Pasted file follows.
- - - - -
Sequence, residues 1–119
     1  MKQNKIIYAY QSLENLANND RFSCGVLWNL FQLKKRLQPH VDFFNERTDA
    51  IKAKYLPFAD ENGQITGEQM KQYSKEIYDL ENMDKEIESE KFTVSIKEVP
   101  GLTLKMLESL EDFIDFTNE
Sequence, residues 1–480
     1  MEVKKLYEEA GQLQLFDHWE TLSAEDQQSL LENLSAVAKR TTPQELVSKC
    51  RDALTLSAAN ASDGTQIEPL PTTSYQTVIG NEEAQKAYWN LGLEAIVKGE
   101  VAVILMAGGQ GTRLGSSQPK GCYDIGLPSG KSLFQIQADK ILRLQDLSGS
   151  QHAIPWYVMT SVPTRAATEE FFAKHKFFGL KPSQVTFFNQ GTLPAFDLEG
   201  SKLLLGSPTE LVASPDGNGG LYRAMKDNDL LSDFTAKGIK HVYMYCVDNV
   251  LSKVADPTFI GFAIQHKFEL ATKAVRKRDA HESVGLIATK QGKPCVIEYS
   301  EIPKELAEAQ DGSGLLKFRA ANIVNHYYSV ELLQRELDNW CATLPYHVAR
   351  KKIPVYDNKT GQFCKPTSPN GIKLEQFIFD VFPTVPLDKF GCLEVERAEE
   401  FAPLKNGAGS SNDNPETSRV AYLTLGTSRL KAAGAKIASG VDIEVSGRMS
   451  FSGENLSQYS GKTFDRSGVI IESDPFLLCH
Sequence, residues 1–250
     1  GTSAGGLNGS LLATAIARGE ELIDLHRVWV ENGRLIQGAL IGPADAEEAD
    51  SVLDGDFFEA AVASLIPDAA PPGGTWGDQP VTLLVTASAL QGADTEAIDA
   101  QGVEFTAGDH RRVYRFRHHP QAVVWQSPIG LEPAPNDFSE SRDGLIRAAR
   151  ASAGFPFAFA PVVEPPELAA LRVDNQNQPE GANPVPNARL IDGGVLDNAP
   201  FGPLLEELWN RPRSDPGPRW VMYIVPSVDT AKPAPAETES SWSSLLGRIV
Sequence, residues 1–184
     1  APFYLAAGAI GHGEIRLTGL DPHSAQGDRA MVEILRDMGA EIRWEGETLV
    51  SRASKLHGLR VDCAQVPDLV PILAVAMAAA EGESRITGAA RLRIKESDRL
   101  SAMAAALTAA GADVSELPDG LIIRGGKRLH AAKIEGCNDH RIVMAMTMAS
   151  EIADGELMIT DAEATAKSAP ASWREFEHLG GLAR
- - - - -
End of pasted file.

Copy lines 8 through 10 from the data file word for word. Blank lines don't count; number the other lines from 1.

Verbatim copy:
   101  VAVILMAGGQ GTRLGSSQPK GCYDIGLPSG KSLFQIQADK ILRLQDLSGS
   151  QHAIPWYVMT SVPTRAATEE FFAKHKFFGL KPSQVTFFNQ GTLPAFDLEG
   201  SKLLLGSPTE LVASPDGNGG LYRAMKDNDL LSDFTAKGIK HVYMYCVDNV